GCVI 2018 Roundup: The Next Generation of Corporate Venturing

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GCVI 2018 Roundup: The Next Generation of Corporate Venturing

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The 2018 GCVI Summit heralded the next generation of corporate venturing--mature organizations that have deep strategic roots in their parent companies and sustained engagement with their broader innovation ecosystems. It also introduced a wave of newcomers to the space, companies that can learn from these best practices.

The 2018 Global Corporate Venturing and Innovation (GCVI) Summit welcomed over 700 participants to Monterrey early this month. My biggest take-a-way: there has been a paradigm shift in corporate venturing, in which corporate venture capital (CVC) is a key strategic lever for capturing value from external innovation.

CVC’s historic reputation is based on clichés. It is “here today, gone tomorrow;” “all about the corporate;” “full of empty, strategic, promises;” or “corp dev executives trying to play venture capitalists.”. But a new generation of mature CVCs have busted these stereotypes.

Successful CVC programs now look very different from their predecessors. They are firmly integrated into the corporate structure, adding value both within the company and to the external innovators in whom they invest. Like traditional VCs, they also are embedded in the larger ecosystem, inviting other CVC programs to collaborate, sharing best practices, and even sharing deal flow. For these mature CVC programs, it is clear that the common questions of the past about whether they could provide tangible value to startups and to the corporation and take their place within the financial VC-driven ecosystem have been put to rest.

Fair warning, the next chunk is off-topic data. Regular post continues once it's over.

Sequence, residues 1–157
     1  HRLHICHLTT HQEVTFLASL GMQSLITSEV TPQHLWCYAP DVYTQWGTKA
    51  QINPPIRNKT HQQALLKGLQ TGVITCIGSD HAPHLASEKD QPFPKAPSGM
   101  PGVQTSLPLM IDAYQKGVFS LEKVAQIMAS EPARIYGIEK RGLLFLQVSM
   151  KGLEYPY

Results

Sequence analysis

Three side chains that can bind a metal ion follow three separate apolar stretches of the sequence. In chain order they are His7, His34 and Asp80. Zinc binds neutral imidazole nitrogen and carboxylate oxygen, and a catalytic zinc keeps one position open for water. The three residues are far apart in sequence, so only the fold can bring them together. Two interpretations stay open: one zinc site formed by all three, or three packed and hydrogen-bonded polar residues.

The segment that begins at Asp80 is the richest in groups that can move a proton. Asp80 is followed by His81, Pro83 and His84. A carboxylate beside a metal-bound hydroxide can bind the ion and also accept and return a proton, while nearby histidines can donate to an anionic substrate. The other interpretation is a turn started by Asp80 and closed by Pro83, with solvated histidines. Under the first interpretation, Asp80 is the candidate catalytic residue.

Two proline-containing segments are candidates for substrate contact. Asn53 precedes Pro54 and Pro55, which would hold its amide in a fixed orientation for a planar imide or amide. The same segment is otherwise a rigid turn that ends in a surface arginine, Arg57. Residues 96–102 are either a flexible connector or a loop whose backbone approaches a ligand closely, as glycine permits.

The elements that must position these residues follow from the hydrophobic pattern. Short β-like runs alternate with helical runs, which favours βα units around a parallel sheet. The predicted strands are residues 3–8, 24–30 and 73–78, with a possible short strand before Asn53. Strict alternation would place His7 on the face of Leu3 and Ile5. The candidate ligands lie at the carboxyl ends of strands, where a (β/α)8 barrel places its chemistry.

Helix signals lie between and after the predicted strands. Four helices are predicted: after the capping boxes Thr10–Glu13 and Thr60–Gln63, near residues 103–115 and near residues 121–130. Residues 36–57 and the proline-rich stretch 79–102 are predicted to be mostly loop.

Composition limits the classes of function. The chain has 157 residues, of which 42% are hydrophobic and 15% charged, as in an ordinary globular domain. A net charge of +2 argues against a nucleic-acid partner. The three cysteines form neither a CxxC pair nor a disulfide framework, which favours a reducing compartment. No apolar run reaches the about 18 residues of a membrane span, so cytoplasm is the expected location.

Presentations from Wendell Brooks of Intel Capital and Sue Siegel from GE suggested a strong feeling at the conference that CVCs are no longer playing second fiddle to financial VCs – not in concept and not in practice. CVCs are increasingly seen as preferred syndicate partners and are expanding innovation ecosystems around the world by anchoring new innovation communities. Brooks articulated some of the “tremendous advantages over pure financial investors” that CVC had, noting that as a community, CVC investors can make “1+1=5” and that “financial investors are no match.”  Because corporates can offer startups deep technology expertise, deep industry acumen and connections, access to large customers, and many other benefits, CVCs can and should contribute more to their ecosystems and outperform their financial VC counterparts.

Siegel similarly explained that CVCs have matured from being a novel concept within the company to a catalyst for both new growth and cultural change within the corporation itself.  In this regard, Siegel inspired the audience by declaring CVC practitioners as “heroes of impact” for any corporation.

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That said, there are probably ten to twenty corporates new to CVC for every corporate that has achieved the maturity level of a GE or an Intel. Indeed, over 50% of the attendees at GCVI represented new CVC programs. Achieving success in corporate venturing is a long-term proposition. Intel Capital, for example, has been around for 25 years. We believe that success can be accelerated significantly by following best practices. In a series of posts, we will articulate our vision for the next generation of corporate venturing and explain what, in our experience, are the key determinants of success.

About the Authors

Brian Walsh Headshot

Brian Walsh

Corporate Startup Engagement

Brian leads the Next Gen Corporate Venturing and Innovation efforts.

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